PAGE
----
You still need to take your iPhone with you. Wearing the watch does not free you from the phone because it is not a GPS device and it relies entirely on the iPhone for pace, distance and route.

The Good
It did allow me to put the phone in my FlipBelt for the duration of my run while giving me a quicker way to glance at my stats. The app interface on the watch allows you to see your distance, pace, route and music.

Settings for Success

  • On the Phone – Make sure you’ve enabled Nike+ to be visible on the watch
  • On the Phone – Set the watch’s Wake Screen as “resume last activity.” This will ensure you do not have to push any buttons on the watch, while running, to check the stats
  • On the Phone – Set your preferred Nike+ settings through the app on your phone, not on the watch
  • On the Phone – Set the Nike+ app to start and stop runs automatically so that you do not need to push buttons on either the watch or phone during your runs
  • On the Watch – Pair bluetooth headphones with your watch in order to listen to music on your runs

While it is not perfect, I am very happy with my watch thus far, and look forward to having two free hands on all of my runs from now on.

Happy training, beautiful people.

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Training for Race Season

Oh hey! It’s been a while. It’s not you, it’s me. I’ve been busy, and the long winter has me feeling unmotivated. I’m tired. Good thing I make more excuses about blogging than I do about working out!

1010706_10202108464698487_568135008458836320_nThis time of year, it seems everybody has a race of some sort that they’re training for. Like the 5k to Break the Silence on Ovarian Cancer, which my entire family races in each spring, or the GW Parkway Classic that I am running in this month.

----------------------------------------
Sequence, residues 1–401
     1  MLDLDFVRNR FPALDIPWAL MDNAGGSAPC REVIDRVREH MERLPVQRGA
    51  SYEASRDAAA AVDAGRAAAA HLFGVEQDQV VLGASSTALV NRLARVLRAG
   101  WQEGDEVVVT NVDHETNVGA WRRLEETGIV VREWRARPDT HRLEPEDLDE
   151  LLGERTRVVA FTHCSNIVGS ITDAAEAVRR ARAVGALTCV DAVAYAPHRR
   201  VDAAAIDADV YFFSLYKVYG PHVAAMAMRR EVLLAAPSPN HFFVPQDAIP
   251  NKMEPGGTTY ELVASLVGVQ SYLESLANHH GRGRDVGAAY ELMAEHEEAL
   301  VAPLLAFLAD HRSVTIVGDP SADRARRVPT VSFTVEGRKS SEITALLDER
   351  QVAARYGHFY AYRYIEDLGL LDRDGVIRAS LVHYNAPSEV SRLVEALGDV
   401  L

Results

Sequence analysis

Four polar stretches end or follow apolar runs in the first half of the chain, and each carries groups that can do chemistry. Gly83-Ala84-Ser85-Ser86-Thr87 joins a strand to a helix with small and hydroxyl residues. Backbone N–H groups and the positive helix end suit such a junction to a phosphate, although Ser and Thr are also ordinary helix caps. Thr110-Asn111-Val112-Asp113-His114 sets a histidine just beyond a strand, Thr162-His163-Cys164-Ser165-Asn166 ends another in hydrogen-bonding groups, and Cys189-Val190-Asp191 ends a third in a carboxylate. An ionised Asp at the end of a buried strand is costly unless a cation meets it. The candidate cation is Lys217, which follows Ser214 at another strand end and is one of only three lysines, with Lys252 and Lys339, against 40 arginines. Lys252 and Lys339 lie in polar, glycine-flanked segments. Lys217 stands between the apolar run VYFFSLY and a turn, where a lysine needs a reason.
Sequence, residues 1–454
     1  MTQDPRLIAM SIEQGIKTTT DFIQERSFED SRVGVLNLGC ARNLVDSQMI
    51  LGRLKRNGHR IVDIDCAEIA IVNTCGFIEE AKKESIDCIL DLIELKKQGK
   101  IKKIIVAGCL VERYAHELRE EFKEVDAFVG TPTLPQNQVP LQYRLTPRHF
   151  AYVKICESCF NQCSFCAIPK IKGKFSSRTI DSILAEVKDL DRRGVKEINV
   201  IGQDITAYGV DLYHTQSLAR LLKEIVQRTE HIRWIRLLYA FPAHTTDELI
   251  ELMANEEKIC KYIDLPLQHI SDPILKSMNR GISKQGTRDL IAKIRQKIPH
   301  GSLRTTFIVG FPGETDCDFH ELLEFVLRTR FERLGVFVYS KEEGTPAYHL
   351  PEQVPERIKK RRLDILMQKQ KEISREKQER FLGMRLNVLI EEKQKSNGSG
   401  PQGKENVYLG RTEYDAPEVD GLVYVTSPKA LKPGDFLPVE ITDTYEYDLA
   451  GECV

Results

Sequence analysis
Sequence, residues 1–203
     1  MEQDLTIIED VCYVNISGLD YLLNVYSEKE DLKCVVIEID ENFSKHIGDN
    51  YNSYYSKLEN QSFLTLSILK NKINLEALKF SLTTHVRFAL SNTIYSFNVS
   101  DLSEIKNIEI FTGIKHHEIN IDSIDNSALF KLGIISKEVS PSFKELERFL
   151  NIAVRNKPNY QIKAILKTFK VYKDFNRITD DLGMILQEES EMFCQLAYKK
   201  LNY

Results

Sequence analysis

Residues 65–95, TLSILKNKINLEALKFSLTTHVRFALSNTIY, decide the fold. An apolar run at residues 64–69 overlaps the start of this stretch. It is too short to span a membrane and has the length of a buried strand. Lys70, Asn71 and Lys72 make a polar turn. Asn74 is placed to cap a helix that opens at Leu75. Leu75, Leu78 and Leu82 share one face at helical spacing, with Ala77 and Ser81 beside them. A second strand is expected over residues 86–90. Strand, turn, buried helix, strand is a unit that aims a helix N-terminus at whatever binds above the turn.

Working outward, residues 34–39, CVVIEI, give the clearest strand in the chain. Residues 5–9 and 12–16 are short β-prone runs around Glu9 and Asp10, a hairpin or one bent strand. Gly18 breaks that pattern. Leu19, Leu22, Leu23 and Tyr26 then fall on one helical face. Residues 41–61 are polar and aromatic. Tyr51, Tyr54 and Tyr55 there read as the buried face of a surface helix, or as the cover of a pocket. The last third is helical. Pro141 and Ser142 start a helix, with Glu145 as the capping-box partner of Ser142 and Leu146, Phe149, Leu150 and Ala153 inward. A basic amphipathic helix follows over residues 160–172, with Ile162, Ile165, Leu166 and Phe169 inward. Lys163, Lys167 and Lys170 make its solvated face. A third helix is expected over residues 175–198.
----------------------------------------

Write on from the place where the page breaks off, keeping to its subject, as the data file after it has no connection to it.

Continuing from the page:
So, I wanted to share the training regimen that I have put in place to get myself into the best shape possible for my race on April 24. Let me preface this by saying that I am not a trained fitness coach, and if you follow my below plan, please please please always listen to your body, trainers and/or doctors for expert advice.

Running vs. Lifting + Stretching:

During the five or so weeks leading up to a 10 mile race, I will cut my lifting down significantly, and increase my mileage each week. Also, it can’t be said enough, but stretching can mean a world of difference. I try to use a foam roller to massage my IT bands every single day.

Lifting:

During the weeks that I am training for a race, I will reserve two days a week for lifting. 1 day for legs (never maxing out) and 1 day for arms/chest/back. Both days, and some of my non-lifting days, will include 5-15 minutes of core.

Screen Shot 2016-04-05 at 8.31.53 PMRunning:

The hard part for me is pacing. I am not a distance runner by nature. My body wants to run fast, but then I can’t maintain the speed while increasing my miles.

With that in mind, I have three little tricks that I employ to help me combat this common hurdle:

  • Mileage: I do 3 runs during the week that are between 3-5 miles, depending on where I am at in my training. Then I do one 5-8 mile run on the weekends. I do not pay too much attention to my pace, but I try to stay within a :30 margin. By race day, I am comfortably running more miles and a much quicker pace and it wasn’t even that painful to get there.